Following the dip in April 2020, hiring rebounded quickly in the next few months but has stalled since then despite continued increases in job openings. As Figure 4 shows, the divergence between hiring and job openings started around late 2020/early 2021. As of November 2021, as many as 3.8 million job openings remained unfilled.  

In the meantime, more and more workers are quitting—a trend that has largely been uninterrupted since the outbreak of the pandemic. The Bureau of Labor Statistics estimated that 4.5 million workers quit in the month of November 2021 alone—a record high. 

Figure 4: Hiring, Job Opening, and Quits Since January 2020

Recovery by Sector

Stalled hiring and rising quits have made it difficult for industries to replenish their workforces. Table 2 shows that net employment gain, which is cumulative hires net of cumulative separations, is negative for most industries since the outbreak of the pandemic. In other words, most industries are currently operating with fewer workers than they did before the pandemic. 

Leisure and Hospitality tops all industries in terms of cumulative job losses, followed by Accommodation and Food Services. Using 2019 as the benchmark, these two industries, combined, would have to hire an additional 1.8 million jobs to return to that baseline level. In contrast, the transportation industry has surpassed its pre-pandemic employment by 223 thousand jobs. Construction is another industry that has posted a strong net gain in employment.

Table 2: Net Gain of Employment Since Pandemic by Industry



 Job Separation


Cumulative Hires


Net Employment Gain


Leisure and hospitality




Accommodation and food services




Education and health services




State and local government




Health care and social assistance








Trade, transportation, and utilities




Durable goods manufacturing




Arts, entertainment, and recreation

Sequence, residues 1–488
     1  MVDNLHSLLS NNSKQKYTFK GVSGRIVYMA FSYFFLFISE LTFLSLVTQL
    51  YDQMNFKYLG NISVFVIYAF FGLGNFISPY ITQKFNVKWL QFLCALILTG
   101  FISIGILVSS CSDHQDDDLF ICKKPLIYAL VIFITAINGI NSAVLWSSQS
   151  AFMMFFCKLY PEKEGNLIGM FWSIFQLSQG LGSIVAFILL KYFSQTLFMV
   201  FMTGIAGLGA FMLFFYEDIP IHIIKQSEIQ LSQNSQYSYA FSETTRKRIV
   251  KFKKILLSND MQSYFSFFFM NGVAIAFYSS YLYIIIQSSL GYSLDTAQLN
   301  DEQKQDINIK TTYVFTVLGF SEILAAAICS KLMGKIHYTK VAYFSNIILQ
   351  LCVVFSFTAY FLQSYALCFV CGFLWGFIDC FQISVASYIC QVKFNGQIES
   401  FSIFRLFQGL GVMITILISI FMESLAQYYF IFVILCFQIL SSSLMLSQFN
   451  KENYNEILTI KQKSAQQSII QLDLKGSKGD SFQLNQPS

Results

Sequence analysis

Retail trade




Professional and business services




Other services




Wholesale trade




Educational services








Nondurable goods manufacturing




Mining and logging




Real estate and rental and leasing




Federal government




Transportation, warehousing, and utilities




Financial activities




Finance and insurance








The progress of replenishing the workforce has varied across establishments, depending on the number of employees. Small establishments, i.e., those employing fewer than 10 employees, have more than fully recovered the lost jobs during the pandemic. In fact, as Table 3 shows, these establishments have a net gain of 1.6 million jobs since the pandemic. One possibility is that many of those who lost their jobs or quit during the pandemic started their own small businesses instead of returning to their old jobs. 

Recovery by Establishment Size

Extremely large establishments, i.e., those employing more than 5,000 employees, are also progressing well toward restocking their workforce. Mid-size establishments, such as those employing 10 to 49 employees and those employing 250 to 999 employees, are lagging; they have a combined gap of 2.7 million jobs to fill in order to reach the pre-pandemic workforce size. 

Table 3: Net Gain of Employment Since Pandemic, by Establishment Size

Size of Establishment


 Job Separation


Cumulative Hires


Net Employment Gain


1 to 9 employees




10 to 49 employees




50 to 249 employees




250 to 999 employees




1,000 to 4,999 employees




5,000 or more employees




All Size Classes




Hot and Cold States

While there is a disconnect between hires and job openings at the national level, the gap is wider in some states than it is in others. A simple measure of labor market tightness is the ratio of job openings to hires. Figure 5 shows how this ratio varies across states for the month of October 2021. 

The state of Minnesota has the hottest labor market with a ratio of 2.58, meaning that on average more than three employers are competing for one worker. By contrast, the labor markets are relatively cooler in the Southern states like Alabama and in the Mountain states like Wyoming. 

Figure 5: Labor Market Tightness Across U.S. States

U.S. Labor Market Update